Moving onto Mysore
As we disembark at Mysore, the second largest city in the state of Karnataka, I am already fascinated by this historically significant city. The old world charm of colonial India in all its untold grandeur and glory is interspersed with colour and contrariness and utterly breathtaking. Multi ethnic people, sporting their turbans and unkempt beards walk alongside their countrymen and women in thali’s and flower bedecked hair. Beautiful! The camera captures all this colour and combination in a thousand frames. That night we end up in a very seedy looking motel called Boopies which is famed for its pork curry. We scurry inside, bag and baggage, up three flights of shaky stairs and into a nice big clean room. Just a bed and nothing much else!
Mysore, the capital city of the Wodeyars has always held an enchantment for its quaint charm, rich heritage, magnificent palaces, beautifully laid-out gardens, imposing buildings, broad shady avenues and sacred temples. Mahishur, as it was called then, traces its history back to the mythical past, when Goddess Chamundeshwari of Chamundi Hills killed the wicked buffalo-headed demon, Mahishasura. But, lately, Mysore is more famous for its exotic sandalwood and rich silks.
Our first stop is the Maharaja’s Palace. Considered to be one of the Seven Wonders of India, this magnificent palace is built in Indo-Saracenic style with domes, turrets, arches and colonnades and is a treasure house of exquisite carvings and works of art from all over the world. Intricately carved doors open on to luxuriously furnished rooms. The majestic Durbar Hall has an ornate ceiling and many sculpted pillars. The magnificent jewel studded golden throne of the Wodeyars is displayed here during the Dasera Festival.
Our tour is hilariously entertaining with our guide’s accentuations as he patiently explained the history surrounding this palace.
Our next stop is the Brindavan Gardens, one of the most beautifully, symmetrically laid out terraced gardens in the world. An achievement of Sir Mirza Ismail, the former Dewan of Mysore, these gardens are enriched with fountains, terraces, parterres, running and cascading water channels, water chutes, lush green lawns, flower beds, shrubs and trees. As night falls, the whole garden lights up: a mesmerizing sight indeed. The illumination of the musical fountain located in the North Brindavan Garden is well worth the wait. The water, coloured lights and music are synchronized to create a water ballet controlled by an aquatic organ operated through a controller.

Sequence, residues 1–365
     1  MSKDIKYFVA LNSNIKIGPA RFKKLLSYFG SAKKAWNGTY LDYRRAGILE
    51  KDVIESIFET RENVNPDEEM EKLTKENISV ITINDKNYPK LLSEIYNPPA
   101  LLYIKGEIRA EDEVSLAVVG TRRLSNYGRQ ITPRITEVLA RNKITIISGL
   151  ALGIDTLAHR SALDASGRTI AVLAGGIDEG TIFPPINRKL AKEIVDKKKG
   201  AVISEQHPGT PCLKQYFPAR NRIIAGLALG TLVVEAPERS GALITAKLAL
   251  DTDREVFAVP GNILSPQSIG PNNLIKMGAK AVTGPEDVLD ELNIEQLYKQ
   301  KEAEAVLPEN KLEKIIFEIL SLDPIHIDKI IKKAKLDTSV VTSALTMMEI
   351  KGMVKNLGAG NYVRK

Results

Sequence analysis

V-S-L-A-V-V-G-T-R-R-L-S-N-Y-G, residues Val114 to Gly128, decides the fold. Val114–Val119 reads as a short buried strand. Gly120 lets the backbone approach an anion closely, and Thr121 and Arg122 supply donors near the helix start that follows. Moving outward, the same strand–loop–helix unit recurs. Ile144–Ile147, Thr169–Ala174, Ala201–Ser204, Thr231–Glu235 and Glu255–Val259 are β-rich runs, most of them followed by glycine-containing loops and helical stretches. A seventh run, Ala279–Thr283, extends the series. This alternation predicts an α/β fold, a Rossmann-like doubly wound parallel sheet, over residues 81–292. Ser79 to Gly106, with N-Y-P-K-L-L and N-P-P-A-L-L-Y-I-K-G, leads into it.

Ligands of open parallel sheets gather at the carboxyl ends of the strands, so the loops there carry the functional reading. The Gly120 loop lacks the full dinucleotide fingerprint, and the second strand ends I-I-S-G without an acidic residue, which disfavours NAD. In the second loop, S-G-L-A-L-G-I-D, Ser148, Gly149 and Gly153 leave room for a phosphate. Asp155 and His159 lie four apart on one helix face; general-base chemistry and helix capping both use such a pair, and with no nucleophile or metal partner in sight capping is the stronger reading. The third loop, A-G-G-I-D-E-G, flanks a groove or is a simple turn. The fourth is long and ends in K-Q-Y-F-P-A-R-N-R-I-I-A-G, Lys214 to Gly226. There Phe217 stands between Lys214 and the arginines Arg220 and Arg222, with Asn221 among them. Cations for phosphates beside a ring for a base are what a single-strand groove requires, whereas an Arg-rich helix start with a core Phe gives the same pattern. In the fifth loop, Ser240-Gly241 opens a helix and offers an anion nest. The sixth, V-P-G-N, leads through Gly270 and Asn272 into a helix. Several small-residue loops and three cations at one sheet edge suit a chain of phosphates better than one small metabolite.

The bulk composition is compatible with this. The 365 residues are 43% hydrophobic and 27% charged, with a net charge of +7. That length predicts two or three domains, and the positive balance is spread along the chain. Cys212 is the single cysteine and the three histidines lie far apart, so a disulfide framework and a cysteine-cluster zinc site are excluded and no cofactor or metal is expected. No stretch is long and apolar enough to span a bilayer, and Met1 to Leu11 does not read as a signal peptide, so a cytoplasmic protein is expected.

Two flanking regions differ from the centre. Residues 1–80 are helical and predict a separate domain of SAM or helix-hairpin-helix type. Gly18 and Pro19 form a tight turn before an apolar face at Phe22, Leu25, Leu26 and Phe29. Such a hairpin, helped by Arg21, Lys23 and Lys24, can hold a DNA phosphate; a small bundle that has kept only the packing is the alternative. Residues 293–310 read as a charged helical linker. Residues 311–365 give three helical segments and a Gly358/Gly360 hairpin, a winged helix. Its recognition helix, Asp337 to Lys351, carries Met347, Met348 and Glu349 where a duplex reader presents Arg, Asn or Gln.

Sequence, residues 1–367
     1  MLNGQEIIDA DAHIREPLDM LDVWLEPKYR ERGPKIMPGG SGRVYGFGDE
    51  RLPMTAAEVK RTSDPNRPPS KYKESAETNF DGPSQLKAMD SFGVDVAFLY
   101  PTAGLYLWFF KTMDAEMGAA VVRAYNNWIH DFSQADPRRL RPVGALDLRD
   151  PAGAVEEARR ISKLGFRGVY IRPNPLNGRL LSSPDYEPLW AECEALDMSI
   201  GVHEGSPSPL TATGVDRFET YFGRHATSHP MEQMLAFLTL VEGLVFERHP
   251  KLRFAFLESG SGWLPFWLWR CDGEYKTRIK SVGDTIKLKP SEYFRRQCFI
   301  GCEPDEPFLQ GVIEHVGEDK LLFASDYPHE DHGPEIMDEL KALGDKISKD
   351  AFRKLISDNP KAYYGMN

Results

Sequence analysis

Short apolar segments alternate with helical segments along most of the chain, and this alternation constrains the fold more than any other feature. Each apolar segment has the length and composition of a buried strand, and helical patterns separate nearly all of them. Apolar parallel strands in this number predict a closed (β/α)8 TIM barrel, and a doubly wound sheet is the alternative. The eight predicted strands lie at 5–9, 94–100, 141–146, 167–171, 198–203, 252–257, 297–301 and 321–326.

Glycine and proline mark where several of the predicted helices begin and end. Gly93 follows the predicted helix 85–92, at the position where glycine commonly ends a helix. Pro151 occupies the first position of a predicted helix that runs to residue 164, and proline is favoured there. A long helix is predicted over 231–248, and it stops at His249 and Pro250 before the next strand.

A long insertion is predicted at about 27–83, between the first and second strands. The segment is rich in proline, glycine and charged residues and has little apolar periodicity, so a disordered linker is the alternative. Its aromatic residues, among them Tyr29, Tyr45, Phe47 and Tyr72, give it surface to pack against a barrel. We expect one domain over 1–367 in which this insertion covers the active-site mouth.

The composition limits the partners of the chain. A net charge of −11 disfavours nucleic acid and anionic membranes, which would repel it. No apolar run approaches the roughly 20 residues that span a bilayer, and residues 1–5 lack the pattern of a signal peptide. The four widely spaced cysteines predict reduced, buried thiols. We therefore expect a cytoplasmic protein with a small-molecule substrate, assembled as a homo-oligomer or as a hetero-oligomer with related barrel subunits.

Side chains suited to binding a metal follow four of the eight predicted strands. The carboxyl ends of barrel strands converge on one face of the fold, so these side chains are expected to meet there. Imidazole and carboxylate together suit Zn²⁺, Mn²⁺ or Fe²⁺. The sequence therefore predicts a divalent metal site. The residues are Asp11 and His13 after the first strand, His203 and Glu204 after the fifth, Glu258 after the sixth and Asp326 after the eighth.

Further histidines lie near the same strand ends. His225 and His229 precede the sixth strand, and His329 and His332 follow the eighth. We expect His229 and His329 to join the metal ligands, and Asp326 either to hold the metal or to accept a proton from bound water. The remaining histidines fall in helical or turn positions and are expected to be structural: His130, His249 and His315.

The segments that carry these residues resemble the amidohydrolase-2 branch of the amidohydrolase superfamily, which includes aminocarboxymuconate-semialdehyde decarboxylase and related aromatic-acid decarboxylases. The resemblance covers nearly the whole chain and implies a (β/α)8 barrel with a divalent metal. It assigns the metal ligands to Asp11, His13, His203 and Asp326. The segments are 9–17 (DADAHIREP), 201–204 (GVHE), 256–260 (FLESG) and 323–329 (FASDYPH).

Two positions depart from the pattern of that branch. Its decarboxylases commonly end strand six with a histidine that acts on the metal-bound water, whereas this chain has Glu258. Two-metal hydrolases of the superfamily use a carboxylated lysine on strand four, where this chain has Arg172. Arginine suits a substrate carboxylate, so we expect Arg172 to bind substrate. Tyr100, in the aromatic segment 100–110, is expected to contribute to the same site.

The next day, we are up and ready to visit another iconic landmark, Nandi, Lord Shiva’s Bull. This monolith is found at the 800th step on the 335 metre high Chamundi Hill. At the top is the 12th century temple of Chamundeshwari, the patron goddess of the Wodeyars. Another hundred frames of the camera and I still cannot get enough.
After, piously offering flowers and a blessing by the local priest who dabs our foreheads with red ash, we feel renewed and ready to take on our next stop of this multi acceptable city.
Another beautiful sight in Mysore is the medieval architectural styled St. Philomena’s Church. Built between 1933 and 1941, this Church is an imposing structure with stained glass windows and lofty towers. We stop and stare in awe at the huge stained glass windows and the reclining statue of St. Philomena.
The story of St. Philomena dates back to the 3rd century A.D. Philomena was the daughter of the monarch of a small state in Greece. Her parents were childless. They prayed to God and asked Him to bless them with a child and promised to convert to Christianity if their wish was granted. The next year Philomena was born to them. Even in her childhood Philomena showed signs of piety. When Philomena was 13 years old her father took her to Rome to obtain the favour of Emperor Diocletion. The Emperor was enthralled by her beauty and wanted to marry her. But she refused and vowed to give herself to God. Because she refused to marry the Emperor she was tortured and beheaded in Rome.
But that was a long time ago and an hour later, we are at the Kabini River Lodge located on the banks of the Kabini River in the Nagarhole National Park.
Kabini is one of the most popular wildlife destinations in Karnataka, with its lush green landscape surrounding a large picturesque lake, and fantastic sightings of large herds of elephants. That night, we tread out into the vast embankment that makes up the garden of the Kabini Lodge. As we walk across the garden, we feel a squishiness under our feet. It is sheer horror and disbelief to discover millions of frogs, covering the entire ground. This is an annual phenomenon as these frogs come out to spawn, and then die. Unfortunately, Tharu, who has had a lifelong repugnance for frogs, will soon get used to the idea!
Our forays into the Park the next day prove fruitless of any sightings of the inimitable Tiger. Although birds, elephants and deer are in plenty, we are disappointed not to see the magnificent Tiger.
A day later, we are on our way back to Bangalore. On the way, close to the northern fringe of the Mysore fort, we stop at a fenced area where the body of Tippu Sultan, the de-facto ruler of the Kingdom of Mysore was found. Better known as the ‘Tiger of Mysore’, Tippu Sultan was a benevolent and instrumental leader, whose constant valiant efforts against the British oppression in southern India resulted in his name being etched in the annals of Indian history.
This, along with some wonderful memories of India remains etched in my memory. All this reaffirms my two reasons for returning to India: its food and its technicolour of everyday life.